Nonvisual and Visual Object Shape Representations in Occipitotemporal Cortex: Evidence from Congenitally Blind and Sighted Adults
Peelen, M. V.
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CitationPeelen, M. V., C. He, Z. Han, A. Caramazza, and Y. Bi. 2013. “Nonvisual and Visual Object Shape Representations in Occipitotemporal Cortex: Evidence from Congenitally Blind and Sighted Adults.” Journal of Neuroscience 34 (1): 163–70. https://doi.org/10.1523/jneurosci.1114-13.2014.
AbstractKnowledge of object shape is primarily acquired through the visual modality but can also be acquired through other sensory modalities. In the present study, we investigated the representation of object shape in humans without visual experience. Congenitally blind and sighted participants rated the shape similarity of pairs of 33 familiar objects, referred to by their names. The resulting shape similarity matrices were highly similar for the two groups, indicating that knowledge of the objects' shapes was largely independent of visual experience. Using fMRI, wetested for brain regions that represented object shape knowledge in blind and sighted participants. Multivoxel activity patterns were established for each of the 33 aurally presented object names. Sighted participants additionally viewed pictures of these objects. Using representational similarity analysis, neural similarity matrices were related to the behavioral shape similarity matrices. Results showed that activity patterns in occipitotemporal cortex (OTC) regions, including inferior temporal (IT) cortex and functionally defined object-selective cortex (OSC), reflected the behavioral shape similarity ratings in both blind and sighted groups, also when controlling for the objects' tactile and semantic similarity. Furthermore, neural similarity matrices of IT and OSC showed similarities across blind and sighted groups (within the auditory modality) and across modality (within the sighted group), but not across both modality and group (blind auditory-sighted visual). Together, these findings provide evidence that OTC not only represents objects visually (requiring visual experience) but also represents objects nonvisually, reflecting knowledge of object shape independently of the modality through which this knowledge was acquired.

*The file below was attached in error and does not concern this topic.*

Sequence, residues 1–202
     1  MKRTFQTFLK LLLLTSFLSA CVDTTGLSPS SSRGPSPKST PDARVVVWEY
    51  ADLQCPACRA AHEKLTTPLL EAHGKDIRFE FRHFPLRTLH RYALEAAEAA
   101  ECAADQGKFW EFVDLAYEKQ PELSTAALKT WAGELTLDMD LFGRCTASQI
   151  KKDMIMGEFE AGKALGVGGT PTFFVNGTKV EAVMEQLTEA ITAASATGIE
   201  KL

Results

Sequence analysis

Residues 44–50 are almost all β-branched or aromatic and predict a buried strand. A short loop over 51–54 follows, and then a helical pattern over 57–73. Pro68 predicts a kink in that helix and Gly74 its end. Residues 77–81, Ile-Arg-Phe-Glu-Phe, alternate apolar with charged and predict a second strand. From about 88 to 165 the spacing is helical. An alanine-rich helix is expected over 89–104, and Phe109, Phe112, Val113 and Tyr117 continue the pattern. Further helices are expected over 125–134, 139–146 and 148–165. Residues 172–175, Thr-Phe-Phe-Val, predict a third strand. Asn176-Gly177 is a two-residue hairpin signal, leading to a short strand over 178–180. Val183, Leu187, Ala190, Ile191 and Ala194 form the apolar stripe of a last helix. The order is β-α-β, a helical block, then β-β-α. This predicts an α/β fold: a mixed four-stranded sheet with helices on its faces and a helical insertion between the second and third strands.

Citable link to this pagehttp://nrs.harvard.edu/urn-3:HUL.InstRepos:41384846
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